ISLAMABAD, Pakistan, March 15 -- Gen. Pervez Musharraf, Pakistan's president, said in an interview broadcast Tuesday that the Pakistani army might have come close to capturing Osama bin Laden near the Afghan border in the late spring or early summer of last year.
"There was a time when the dragnet had closed and we thought we knew roughly the area where he possibly could be," Musharraf told the BBC. "That was, I think, some time back . . . maybe about eight to 10 months back."
But bin Laden, the fugitive leader of the al Qaeda network, eluded security forces, and the trail has since gone cold, Musharraf said. "This is such a game, this intelligence," he said. "They can move, and then you lose contact."
In the past, Pakistani officials have consistently denied having specific knowledge of bin Laden's whereabouts, although he and his top deputy, Ayman Zawahiri, have long been thought to be hiding in the semiautonomous tribal areas along the Afghan-Pakistani border.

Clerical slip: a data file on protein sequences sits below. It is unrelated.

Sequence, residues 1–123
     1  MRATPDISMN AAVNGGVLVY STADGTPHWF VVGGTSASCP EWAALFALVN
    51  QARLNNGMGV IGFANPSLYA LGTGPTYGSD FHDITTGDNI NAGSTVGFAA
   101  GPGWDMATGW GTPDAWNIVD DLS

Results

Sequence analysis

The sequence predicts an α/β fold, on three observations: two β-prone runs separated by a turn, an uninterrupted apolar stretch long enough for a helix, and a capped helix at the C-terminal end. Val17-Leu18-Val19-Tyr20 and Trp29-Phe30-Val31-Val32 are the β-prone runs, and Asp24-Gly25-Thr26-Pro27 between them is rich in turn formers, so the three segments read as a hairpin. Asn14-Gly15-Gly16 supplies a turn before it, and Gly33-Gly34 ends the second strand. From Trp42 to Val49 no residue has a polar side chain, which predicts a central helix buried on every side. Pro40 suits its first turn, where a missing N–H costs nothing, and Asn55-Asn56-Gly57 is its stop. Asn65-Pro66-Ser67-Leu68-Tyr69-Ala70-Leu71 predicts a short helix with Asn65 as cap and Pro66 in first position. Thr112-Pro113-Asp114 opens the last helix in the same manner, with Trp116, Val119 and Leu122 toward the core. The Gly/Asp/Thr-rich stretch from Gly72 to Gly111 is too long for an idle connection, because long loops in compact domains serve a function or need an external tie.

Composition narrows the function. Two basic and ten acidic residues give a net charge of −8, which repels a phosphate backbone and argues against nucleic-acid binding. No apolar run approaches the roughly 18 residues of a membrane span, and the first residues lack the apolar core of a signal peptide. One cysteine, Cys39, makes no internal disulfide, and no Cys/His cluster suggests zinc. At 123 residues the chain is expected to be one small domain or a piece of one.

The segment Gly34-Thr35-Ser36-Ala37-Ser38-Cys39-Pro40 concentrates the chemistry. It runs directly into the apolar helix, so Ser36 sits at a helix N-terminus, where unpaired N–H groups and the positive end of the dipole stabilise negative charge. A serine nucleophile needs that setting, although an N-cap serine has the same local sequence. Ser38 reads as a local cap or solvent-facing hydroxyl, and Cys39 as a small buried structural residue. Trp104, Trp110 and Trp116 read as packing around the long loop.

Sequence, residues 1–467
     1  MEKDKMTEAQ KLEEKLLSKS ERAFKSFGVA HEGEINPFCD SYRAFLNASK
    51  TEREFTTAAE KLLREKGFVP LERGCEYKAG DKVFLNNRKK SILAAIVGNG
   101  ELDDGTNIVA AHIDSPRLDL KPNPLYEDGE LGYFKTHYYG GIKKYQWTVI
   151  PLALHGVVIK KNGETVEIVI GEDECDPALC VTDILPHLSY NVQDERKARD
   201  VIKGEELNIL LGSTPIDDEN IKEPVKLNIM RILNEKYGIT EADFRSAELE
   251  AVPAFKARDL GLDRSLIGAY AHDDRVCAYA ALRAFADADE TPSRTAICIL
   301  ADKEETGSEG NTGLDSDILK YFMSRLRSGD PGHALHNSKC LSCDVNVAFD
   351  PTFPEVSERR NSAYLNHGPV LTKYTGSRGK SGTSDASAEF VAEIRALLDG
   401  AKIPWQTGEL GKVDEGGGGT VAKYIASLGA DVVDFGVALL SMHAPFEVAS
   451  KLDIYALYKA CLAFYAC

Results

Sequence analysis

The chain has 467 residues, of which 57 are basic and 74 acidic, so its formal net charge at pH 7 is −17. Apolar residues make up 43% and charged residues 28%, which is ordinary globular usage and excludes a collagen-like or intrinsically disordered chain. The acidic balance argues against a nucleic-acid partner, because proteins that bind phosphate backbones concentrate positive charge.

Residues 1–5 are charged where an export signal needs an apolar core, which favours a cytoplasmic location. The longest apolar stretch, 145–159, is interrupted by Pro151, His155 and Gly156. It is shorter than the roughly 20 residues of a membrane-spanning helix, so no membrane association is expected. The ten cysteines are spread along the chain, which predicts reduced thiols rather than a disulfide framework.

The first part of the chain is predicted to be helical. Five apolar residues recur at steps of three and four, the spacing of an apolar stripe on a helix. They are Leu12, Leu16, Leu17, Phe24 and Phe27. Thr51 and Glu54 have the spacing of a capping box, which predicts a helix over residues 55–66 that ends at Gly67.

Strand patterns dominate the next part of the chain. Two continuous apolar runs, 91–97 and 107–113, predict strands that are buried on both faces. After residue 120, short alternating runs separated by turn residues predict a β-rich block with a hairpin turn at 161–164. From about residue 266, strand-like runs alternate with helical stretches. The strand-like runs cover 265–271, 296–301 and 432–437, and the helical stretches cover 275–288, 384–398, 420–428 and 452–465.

Three Pakistani security officials said in interviews Tuesday night that they were perplexed by Musharraf's comments and were not aware of any instance in which Pakistani forces had come close to capturing bin Laden.
But in an interview late last year, Lt. Gen. Safdar Hussain, the commander of the Pakistani army's 11th Corps, said that when he took up his command last March he had been open to the idea that bin Laden might still be hiding in the tribal area of South Waziristan. He said he ordered his troops to look for the "signature" of bin Laden's elaborate and highly compartmentalized security entourage, details of which had emerged from interrogations of foreign militants captured in South Waziristan.
In his interview with the BBC, Musharraf offered no details as to how and where bin Laden might have been cornered last year. The al Qaeda leader subsequently reemerged in November, when he appeared on a video to threaten new attacks against the United States.
Special correspondent Kamran Khan contributed to this report.